The following post is by Derek Rishmawy and originally appeared at www.thegospelcoaltion.org
It was in my freshman composition class at the University of California, Irvine, that I first heard a professor say, “Well, you know, most of the differences in religion don’t matter. The main point is that God just wants all is just to love each other, right?” It’s a claim that’s become increasingly familiar to me ever since.
But is it true? Is God indifferent to religion? Does he care how he’s worshiped? In other words, is God a pluralist?
While it comes in myriad different forms, the kind of pluralism I’m talking about is a sort of relativism about religion, claiming either that all religions are equally salvific, or that outward forms don’t matter since all faiths share a common core, or that the divine is too grand and unknowable to be encompassed by some exclusive set of doctrines. Unless you adhere to a conservative religious confession—Christianity, Judaism, Islam, and so forth—some kind of religious pluralism is the default mindset among the broader “spiritual but not religious” late-modern culture we live in. But why?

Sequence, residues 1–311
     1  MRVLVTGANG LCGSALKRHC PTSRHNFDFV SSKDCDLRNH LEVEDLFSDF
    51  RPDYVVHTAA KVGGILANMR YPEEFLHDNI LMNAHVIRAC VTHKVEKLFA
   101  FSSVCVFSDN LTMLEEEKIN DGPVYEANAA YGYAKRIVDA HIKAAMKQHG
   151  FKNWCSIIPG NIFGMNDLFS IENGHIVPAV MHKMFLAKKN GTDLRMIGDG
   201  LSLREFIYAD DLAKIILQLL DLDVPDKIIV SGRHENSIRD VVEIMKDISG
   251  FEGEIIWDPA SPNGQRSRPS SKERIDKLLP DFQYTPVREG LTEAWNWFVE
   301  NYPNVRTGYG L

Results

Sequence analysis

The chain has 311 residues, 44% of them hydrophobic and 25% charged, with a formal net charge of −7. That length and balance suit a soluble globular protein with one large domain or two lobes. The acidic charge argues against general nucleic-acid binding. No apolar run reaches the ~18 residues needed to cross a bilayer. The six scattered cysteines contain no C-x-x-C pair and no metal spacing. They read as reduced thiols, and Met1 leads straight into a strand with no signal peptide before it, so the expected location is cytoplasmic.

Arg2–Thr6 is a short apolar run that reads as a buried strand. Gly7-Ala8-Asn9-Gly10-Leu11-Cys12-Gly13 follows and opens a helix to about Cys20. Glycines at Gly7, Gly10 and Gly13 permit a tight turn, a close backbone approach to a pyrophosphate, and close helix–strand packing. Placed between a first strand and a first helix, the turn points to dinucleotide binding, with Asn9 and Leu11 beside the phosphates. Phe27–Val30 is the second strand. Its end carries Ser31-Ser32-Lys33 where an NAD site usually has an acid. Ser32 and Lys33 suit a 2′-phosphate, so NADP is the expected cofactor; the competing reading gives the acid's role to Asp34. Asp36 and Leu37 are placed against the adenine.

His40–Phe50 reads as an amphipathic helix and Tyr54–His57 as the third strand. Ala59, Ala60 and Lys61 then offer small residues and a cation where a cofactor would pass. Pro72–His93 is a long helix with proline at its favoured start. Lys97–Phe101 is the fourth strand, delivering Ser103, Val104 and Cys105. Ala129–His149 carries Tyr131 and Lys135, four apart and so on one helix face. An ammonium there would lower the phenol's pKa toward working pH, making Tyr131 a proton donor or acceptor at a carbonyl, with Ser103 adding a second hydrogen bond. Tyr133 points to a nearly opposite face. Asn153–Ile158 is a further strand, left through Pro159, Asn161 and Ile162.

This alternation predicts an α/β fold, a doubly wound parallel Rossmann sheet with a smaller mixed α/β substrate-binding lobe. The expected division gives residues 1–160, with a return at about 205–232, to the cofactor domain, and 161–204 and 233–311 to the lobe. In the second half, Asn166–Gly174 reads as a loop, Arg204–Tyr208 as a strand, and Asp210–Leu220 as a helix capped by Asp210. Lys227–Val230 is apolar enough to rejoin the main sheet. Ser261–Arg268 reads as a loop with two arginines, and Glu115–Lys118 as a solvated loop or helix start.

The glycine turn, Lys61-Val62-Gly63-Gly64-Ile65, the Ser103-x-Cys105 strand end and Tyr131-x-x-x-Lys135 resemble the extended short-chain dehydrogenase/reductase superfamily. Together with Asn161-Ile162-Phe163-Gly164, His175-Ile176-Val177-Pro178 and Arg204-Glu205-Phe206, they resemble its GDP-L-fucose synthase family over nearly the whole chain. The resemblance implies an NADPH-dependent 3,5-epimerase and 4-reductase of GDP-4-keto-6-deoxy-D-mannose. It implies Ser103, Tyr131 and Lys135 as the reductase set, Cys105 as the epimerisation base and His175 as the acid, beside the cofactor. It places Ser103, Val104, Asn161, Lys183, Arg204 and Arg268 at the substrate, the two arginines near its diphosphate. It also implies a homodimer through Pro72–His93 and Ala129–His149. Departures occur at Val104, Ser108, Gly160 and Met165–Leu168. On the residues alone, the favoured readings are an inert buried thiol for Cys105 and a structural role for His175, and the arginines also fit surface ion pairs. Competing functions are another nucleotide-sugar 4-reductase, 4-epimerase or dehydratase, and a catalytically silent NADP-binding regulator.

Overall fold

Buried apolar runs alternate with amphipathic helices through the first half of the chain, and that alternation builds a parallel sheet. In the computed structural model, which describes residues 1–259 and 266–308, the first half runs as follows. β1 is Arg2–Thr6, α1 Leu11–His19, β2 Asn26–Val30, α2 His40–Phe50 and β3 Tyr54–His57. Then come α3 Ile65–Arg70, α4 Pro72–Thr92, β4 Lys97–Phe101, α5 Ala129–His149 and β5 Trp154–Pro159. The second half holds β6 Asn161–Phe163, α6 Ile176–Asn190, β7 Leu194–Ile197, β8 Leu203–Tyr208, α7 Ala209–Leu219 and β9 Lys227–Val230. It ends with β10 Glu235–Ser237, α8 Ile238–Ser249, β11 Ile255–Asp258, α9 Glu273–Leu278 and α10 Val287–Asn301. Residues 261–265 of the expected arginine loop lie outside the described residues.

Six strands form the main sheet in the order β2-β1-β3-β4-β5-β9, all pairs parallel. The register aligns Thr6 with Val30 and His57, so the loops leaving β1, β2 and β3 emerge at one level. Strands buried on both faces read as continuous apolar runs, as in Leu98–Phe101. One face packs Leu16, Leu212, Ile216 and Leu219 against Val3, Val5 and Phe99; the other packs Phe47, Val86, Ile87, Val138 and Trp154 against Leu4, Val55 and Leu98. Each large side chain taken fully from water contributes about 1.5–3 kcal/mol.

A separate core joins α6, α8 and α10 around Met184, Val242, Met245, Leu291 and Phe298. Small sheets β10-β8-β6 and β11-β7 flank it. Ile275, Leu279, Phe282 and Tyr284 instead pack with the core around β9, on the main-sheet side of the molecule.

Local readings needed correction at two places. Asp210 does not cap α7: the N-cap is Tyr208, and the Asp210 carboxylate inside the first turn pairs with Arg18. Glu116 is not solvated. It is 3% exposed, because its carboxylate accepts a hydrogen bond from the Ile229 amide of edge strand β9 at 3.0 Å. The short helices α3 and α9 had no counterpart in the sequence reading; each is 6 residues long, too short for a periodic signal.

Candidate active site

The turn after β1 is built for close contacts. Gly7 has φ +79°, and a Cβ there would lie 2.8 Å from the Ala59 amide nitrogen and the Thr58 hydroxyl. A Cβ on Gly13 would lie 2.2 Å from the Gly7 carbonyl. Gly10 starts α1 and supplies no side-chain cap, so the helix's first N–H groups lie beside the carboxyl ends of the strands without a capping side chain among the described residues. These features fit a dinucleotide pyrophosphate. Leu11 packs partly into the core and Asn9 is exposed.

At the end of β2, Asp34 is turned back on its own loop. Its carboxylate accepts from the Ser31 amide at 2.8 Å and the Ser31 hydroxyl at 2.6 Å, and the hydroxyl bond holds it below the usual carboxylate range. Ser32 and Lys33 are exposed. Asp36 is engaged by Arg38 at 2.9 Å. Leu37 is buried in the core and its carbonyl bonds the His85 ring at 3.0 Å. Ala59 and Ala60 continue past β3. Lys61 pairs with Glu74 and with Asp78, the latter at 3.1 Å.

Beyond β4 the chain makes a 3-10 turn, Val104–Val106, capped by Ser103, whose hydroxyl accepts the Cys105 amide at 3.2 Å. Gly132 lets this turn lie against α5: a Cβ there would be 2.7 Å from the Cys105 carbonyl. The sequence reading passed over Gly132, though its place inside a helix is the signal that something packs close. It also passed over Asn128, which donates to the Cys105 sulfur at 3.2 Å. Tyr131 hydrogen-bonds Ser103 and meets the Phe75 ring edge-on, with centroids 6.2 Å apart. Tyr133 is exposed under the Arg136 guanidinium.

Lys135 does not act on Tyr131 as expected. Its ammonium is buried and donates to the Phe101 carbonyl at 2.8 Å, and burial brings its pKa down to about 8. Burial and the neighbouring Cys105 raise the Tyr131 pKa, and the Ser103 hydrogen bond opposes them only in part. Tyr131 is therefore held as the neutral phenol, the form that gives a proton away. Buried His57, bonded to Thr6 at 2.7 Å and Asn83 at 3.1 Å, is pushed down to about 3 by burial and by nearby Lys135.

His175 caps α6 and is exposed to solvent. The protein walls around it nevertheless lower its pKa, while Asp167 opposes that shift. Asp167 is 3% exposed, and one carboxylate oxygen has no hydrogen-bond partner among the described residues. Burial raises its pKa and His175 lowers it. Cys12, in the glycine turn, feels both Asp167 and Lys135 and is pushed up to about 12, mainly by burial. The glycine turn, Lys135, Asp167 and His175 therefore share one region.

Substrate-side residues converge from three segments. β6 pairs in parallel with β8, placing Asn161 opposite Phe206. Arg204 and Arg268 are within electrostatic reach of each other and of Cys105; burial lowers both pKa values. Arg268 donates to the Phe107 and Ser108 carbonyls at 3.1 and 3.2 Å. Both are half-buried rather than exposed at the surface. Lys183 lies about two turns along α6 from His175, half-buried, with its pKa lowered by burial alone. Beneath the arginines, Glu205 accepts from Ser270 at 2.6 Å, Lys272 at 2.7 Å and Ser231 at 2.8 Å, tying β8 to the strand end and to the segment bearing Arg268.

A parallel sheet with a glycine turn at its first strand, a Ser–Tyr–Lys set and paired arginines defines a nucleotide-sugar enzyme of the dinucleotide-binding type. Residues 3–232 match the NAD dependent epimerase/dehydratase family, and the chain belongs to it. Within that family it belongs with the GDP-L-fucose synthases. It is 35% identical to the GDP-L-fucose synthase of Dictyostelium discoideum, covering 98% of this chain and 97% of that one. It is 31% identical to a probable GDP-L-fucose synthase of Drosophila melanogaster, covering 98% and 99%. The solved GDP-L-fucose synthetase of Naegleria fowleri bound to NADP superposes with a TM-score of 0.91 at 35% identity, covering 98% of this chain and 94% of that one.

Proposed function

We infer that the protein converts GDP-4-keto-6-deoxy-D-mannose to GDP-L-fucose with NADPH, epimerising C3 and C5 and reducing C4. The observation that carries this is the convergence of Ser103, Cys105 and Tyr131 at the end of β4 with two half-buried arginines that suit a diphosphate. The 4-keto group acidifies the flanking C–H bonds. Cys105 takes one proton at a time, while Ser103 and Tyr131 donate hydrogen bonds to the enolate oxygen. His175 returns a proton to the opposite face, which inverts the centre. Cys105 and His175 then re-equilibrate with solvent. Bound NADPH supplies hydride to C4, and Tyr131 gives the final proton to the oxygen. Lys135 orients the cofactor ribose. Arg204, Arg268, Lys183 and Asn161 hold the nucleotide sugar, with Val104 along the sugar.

For one, it seems to reinforce political pluralism—the social accommodation of various religious beliefs. If there’s no big difference, then there’s not much to fight about. What’s more, and this is probably the most enticing reason to adopt it at the popular level, it seems more humble and open to other viewpoints. Everybody’s equally right (or equally wrong), so no one can claim religious superiority. It’s a more “tolerant” view since there’s no one correct religion against all the others, and thus the moral playing field is level.
At least, that’s how it appears at first.
While there are a number of problems with a strong philosophical pluralism (for example, it’s self-contradictory, it misconstrues the unique claims of each religion, and so on), one particular problem often goes unnoticed: it rests on the questionable assumption that God is indifferent to how he’s worshiped.
Dutch Reformed theologian Herman Bavinck does a marvelous job of bringing out this observation: